Lowell, J. J. (H. U. 1858).

The Remission by Blood. A Tribute to our Soldiers and the Sword, delivered in the West Church, by C. A. Bartol. Boston: Walker, Wise, and Company, 245 Washington Street. 1862. 8vo. pp. 20.

Mudge (H. U. 1860).

In Memoriam. Charles Redington Mudge, Lieut.-Col. Second Mass. Infantry, born in New York City, October 22d, 1839, killed at Gettysburg, July 3d, 1863. ‘Dulce et decorum est pro patria mori.’ Cambridge: Privately Printed. 1863. 8vo. pp. 32.

Newcomb (H. U. 1860).

Waiting for Daybreak. A Discourse at the Funeral of Lieutenant Edgar M. Newcomb of the Massachusetts 19th Regiment, who died December 20, 1862, of wounds received at Fredericksburg. Preached in Park Street Church, December 27, by Rev. J. O. Means, Minister of Vine Street Church, Roxbury. Boston: Printed by Alfred Mudge & Son, 34 School Street. 1863. 12mo.

Porter (H. U. 1845). (See Wadsworth.)

Ripley (H. U. 1846).

Proceedings of the Class of 1846 of Harvard College, August 12, 1863, on the Death of Lieutenant Ezra Ripley. Boston: Printed for the Class, by John Wilson and Son. 1863. 8vo. pp. 16.

Spurr (H. U. 1858).

In Memoriam. A Discourse preached in Worcester, Oct. 5, 1862, on Lieut. Thomas Jefferson Spurr, Fifteenth Massachusetts Volunteers, who, mortally wounded at the Battle of Antietam, died in Hagerstown, Sept. 27th following. By Alonzo Hill. Published by Request. Boston: Printed by John Wilson and Son, 5 Water Street. 1862. 8vo. pp. 32. [472]

Tucker (H. U. 1862).

A Funeral Discourse preached in the Baptist Church, at Old Cambridge, May 8, 1864, by Rev. C. W. Annable, on the Occasion of the Burial of the Remains of George T. and John H. Tucker, who died in the Service of their Country, and were brought Home for Interment under the Auspices of the Irving Literary Association, Cambridge. 1864. 8vo. pp. 23.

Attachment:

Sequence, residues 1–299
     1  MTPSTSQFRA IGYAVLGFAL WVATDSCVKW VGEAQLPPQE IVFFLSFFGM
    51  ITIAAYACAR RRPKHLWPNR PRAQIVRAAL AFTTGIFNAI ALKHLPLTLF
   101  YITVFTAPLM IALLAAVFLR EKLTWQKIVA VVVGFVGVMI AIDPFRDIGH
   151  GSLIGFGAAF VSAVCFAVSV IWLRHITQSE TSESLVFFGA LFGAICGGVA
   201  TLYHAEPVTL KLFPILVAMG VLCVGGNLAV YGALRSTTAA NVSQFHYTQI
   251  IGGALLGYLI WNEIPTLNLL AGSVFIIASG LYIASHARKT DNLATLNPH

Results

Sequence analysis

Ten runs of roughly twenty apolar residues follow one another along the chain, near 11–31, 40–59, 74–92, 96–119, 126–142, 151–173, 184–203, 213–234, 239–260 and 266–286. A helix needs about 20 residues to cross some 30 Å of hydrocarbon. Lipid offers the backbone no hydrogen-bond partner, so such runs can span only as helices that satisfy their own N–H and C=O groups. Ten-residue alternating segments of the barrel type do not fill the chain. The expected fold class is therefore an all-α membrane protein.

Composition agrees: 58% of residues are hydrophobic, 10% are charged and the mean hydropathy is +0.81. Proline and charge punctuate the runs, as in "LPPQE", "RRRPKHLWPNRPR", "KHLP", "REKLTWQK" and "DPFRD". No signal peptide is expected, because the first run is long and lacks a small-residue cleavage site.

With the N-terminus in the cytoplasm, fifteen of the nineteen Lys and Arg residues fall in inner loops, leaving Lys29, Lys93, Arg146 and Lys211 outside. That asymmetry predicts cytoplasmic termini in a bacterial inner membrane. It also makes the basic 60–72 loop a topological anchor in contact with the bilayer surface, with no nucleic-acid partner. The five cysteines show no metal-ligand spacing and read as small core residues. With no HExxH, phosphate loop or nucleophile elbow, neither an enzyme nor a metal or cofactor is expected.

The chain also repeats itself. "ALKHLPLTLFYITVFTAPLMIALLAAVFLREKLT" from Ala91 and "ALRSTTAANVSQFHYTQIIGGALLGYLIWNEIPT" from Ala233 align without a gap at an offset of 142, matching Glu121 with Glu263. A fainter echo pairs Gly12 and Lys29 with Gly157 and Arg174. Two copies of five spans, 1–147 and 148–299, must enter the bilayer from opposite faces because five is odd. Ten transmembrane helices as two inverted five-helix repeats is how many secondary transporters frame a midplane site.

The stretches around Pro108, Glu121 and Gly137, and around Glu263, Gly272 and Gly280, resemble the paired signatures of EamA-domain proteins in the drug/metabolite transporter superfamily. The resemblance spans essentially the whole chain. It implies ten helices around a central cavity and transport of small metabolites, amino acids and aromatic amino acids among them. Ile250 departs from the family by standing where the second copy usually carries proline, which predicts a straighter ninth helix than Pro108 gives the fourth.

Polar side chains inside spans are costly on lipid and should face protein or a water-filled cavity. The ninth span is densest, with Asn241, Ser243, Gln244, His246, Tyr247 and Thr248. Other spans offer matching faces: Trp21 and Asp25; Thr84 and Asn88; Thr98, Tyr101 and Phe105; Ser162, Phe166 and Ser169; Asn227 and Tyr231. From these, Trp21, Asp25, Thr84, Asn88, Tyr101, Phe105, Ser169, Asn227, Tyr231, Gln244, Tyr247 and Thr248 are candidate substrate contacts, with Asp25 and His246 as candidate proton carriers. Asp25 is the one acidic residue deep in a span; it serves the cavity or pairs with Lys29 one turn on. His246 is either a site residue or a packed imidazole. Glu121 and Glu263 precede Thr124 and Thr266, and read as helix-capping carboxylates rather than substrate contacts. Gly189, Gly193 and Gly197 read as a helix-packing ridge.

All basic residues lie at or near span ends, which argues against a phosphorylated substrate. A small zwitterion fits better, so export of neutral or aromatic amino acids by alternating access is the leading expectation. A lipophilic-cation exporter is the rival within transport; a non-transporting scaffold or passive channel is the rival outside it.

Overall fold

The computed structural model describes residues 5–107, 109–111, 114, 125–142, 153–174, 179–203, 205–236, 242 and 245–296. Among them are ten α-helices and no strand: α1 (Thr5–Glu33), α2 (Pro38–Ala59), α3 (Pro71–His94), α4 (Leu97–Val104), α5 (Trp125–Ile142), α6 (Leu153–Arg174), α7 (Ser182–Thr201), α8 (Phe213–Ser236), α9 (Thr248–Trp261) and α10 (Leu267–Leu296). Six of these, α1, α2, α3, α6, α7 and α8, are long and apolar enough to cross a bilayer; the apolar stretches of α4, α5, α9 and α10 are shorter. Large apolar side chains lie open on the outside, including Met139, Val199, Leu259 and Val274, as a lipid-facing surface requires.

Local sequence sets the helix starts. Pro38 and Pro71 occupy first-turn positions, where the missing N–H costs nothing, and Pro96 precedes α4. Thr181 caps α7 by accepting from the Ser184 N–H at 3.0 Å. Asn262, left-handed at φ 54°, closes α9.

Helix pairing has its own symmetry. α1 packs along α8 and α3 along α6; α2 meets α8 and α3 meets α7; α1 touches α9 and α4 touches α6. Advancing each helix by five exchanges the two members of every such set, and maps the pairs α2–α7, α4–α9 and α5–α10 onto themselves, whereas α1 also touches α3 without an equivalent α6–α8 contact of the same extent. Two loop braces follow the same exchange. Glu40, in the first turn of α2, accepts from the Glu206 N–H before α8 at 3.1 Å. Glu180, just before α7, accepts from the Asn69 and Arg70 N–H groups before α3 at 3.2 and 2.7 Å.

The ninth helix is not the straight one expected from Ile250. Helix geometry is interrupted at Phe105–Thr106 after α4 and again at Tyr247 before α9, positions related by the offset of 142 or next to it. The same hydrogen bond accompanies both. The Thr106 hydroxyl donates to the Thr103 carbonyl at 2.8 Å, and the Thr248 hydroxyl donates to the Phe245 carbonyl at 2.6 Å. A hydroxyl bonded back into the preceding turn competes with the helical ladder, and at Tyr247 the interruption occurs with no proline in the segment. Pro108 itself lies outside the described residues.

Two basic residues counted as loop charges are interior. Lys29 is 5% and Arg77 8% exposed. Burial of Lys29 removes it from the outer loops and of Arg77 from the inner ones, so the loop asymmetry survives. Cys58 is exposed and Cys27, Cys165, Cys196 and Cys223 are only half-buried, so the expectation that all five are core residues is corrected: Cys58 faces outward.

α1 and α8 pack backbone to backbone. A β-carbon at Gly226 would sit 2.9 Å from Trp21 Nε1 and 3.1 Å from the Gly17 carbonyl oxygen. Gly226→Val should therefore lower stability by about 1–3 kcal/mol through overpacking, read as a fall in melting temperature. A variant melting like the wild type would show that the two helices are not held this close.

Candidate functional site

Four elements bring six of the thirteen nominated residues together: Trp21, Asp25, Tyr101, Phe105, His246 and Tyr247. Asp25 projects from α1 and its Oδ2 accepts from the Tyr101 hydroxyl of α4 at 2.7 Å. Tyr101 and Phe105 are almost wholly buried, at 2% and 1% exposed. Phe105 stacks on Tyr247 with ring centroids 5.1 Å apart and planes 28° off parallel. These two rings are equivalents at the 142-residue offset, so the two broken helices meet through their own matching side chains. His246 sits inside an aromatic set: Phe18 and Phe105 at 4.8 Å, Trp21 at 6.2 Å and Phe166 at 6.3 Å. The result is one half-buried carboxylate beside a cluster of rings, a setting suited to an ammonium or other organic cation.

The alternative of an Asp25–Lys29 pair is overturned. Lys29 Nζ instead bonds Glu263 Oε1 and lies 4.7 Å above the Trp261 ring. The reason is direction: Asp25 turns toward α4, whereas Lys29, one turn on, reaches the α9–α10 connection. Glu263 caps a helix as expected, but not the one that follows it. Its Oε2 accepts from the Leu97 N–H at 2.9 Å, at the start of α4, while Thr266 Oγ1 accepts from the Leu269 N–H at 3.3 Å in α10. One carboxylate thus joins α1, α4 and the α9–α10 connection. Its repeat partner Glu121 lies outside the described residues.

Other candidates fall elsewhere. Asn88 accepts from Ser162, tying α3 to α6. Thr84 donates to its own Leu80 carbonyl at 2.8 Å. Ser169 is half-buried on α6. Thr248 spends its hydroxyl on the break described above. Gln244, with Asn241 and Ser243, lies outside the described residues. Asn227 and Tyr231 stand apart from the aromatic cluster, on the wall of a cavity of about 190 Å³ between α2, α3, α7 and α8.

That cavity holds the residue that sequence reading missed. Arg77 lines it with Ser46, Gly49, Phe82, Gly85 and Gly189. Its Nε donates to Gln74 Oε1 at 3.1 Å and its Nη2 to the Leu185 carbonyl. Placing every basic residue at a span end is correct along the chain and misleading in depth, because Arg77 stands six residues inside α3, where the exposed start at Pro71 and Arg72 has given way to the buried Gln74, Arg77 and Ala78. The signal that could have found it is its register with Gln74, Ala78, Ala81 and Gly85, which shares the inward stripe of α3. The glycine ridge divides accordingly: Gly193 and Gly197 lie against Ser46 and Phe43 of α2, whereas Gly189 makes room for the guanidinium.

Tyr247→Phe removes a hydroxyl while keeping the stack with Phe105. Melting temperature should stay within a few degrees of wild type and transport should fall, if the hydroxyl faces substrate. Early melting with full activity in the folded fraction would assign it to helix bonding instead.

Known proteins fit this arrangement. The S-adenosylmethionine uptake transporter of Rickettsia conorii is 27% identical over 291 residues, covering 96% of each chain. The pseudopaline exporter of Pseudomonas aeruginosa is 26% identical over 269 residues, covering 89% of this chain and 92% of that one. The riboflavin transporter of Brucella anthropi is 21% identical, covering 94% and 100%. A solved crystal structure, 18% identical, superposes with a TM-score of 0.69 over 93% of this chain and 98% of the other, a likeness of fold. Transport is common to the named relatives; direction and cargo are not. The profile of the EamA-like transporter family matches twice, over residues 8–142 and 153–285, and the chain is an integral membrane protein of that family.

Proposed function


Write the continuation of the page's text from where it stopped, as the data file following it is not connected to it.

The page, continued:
Wadsworth (H. U. 1828).

Memorial of the late Gen. James S. Wadsworth, delivered before the New York State Agricultural Society at the Close of its Annual Exhibition at Rochester, September 23d, 1864, by the Hon. Lewis F. Allen, of Buffalo (Ex-President of the Society). Buffalo: Franklin Steam Printing House. Thomas, Typographer. 1864. 8vo. pp. 38.

[the same.]

Proceedings of the Century Association in Honor of the Memory of Brig.Gen. James S. Wadsworth and Colonel Peter A. Porter, with the Eulogies read by William J. Hoppin and Frederic S. Cozzens, December 3, 1864. New York: D. Van Nostrand, 192 Broadway. 1865. 8vo. pp. 88.

Willard (H. U. 1852).

The Nation's Hour. A Tribute to Major Sidney Willard, delivered in the West Church, December 21, Forefathers' Day, by C. A. Bartol. Boston: Walker, Wise, and Company, 245 Washington Street. 1862. 8vo. pp. 58.

The Editor has also been much indebted to the successive pamphlet reports of the Classes of 854, 1855, 1856, 1858, and 1861, and to the personal exertions of the Class Secretaries from 1852 to 1864 inclusive. Especial thanks are due to Francis H. Brown, M. D., of the Class of 1857, Editor of the official ‘Roll of Harvard Students who served in the Army or Navy of the United States during the War of the Rebellion.’ Dr. Brown has devoted much time to the preparation of a Biographical Dictionary of all such students, living and deceased; a work which, it is to be hoped, may yet be published. The manuscript, so far as prepared, he has generously allowed me to consult.

The Editor would gladly have also embraced in these volumes, had it been practicable, the memoirs of certain graduates who died [473] during the war, and who were as truly enlisted in their country's service as any here recorded, though they wore no uniform and were mustered on no official rolls. The list might well have included, for instance, State military agents, like Francis Morgan Rotch (H. U. 1841),—Coast Survey employees, like Nathaniel Russell (H. U. 1858),—and teachers among the freedmen, like William Ware Hall (H. U. 1853, and Samuel Dunn Phillips (H. U. 1861). The objection was not so much that such additions would have further swelled the volumes, as that they would have substituted an indefinite for a definite line, and it would have been hard to know where to stop. The lives and deaths of such as these, though as yet unrecorded, are not forgotten.

T. W. H.